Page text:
Region has ups, downs at Olympics


Although some countries failed to meet medal expectations, Montenegro won its first medal as an independent country at the London Games.

By Svetla Dimitrova for Southeast European Times -- 17/08/12


Croatia's water polo team celebrates with their gold medals on the last day of the London 2012 Olympic Games. [Reuters]

A total of 32 medals went to athletes from nine Southeast Europe countries during the 2012 London Olympics, with Croatia and Romania together accounting for nearly half of them.

Croatia won the most gold medals in the region, three, and six medals overall. It secured its final gold medal by defeating Italy in men's waterpolo just hours before the Olympics closed.

Romanian athletes won nine medals, including two gold -- Alin George Moldoveanu's in the men's 10-metre air rifle and gymnast Sandra Raluca Izbasa's in the women's vault.

Turkey won two gold medals and five overall. Asli Cakir Alptekin finished first in the women's 1500-metre run, while Servet Tazegul won men's taekwondo (68kg).

Serbia won four medals, including Milica Mandic's gold in taekwondo, while Cyprus and Montenegro won a silver medal each.

The Montenegrin women's handball team reached the gold medal final, but lost to Norway and took the silver. This was the first Olympic medal the Adriatic republic has won since its independence in 2006.

At the 2008 Beijing Games, athletes from seven regional countries brought home 34 medals.


[SETimes illustration]

The lack of funding forced crisis-hit Greece to cut its expenses for this year's Olympics. It sent 105 athletes to London, down from its 156 participants in the Beijing Games, with some travelling to Britain without their coaches. While a better standing in the final medal count would have boosted the Greeks' ego, hurt by austerity measures and rising unemployment in the country, its athletes won two bronze medals, as did Moldova.

Bulgaria won two medals, its worst showing in the Olympics since 1956.

Five-time world champion wrestler Stanka Zlateva, was upset in the final of the 72kg freestyle event by Russia's Natalia Vorobieva and took home a silver medal. Boxer Tervel Pulev, another gold hopeful, was stunned by Oleksandr Usyk of Ukraine in a 21-5 semifinal match in the men's heavyweight category. He shared the bronze medal with Teymur Mammadov of Azerbaijan.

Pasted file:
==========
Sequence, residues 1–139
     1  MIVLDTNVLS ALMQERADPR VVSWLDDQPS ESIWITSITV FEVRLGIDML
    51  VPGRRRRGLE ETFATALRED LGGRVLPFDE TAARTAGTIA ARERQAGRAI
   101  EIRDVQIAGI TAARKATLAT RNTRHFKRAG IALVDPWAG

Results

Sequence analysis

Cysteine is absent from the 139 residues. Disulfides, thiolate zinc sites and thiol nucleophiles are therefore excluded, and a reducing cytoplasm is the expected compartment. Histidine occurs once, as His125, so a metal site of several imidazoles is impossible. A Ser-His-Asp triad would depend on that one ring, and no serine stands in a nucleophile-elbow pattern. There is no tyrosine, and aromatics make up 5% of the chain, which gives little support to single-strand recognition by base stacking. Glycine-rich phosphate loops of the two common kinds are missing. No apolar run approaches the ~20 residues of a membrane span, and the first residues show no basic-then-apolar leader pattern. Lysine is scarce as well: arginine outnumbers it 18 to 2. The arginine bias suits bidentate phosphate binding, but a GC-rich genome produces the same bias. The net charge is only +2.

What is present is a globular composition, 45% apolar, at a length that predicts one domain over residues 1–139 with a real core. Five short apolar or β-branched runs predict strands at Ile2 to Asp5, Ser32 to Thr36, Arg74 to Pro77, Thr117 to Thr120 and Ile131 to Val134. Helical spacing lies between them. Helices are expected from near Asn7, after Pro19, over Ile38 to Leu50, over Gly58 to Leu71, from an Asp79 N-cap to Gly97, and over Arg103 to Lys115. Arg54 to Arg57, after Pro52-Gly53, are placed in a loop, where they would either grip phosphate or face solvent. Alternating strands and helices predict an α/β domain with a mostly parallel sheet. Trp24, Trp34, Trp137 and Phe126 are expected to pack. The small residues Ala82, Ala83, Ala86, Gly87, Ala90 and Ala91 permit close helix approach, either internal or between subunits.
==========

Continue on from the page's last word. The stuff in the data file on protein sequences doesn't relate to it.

"This was Bulgaria's worst performance in the past six decades. We were a complete failure in athletics," Nikolay Stoilov, a 76-year-old former volleyball coach, told SETimes. "I feel so disappointed."

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Macedonia did not win a medal, although sprinter Kiril Efremov set a personal best in the 400m. "If I have in mind the minimum training conditions that I had in the past three years, I would say that I am thrilled with this result," Efremov said after the race.

The poor results are not surprising, says former Macedonian Olympic swimmer Natasha Meshkovska, since the state fails to invest directly in athletes.

"Sport halls are being built, but the athletes need direct permanent individual assistance. For example, to achieve good results in my sport, swimming, we need to have at least 1-2 training swimming pools that will be active throughout the year, but also scholarships for swimmers starting at an early age," Meshkovska, now working as a professor and a swimming coach, told SETimes.

Southeast European Times Correspondent Biljana Lajmanovska in Skopje contributed to this article.

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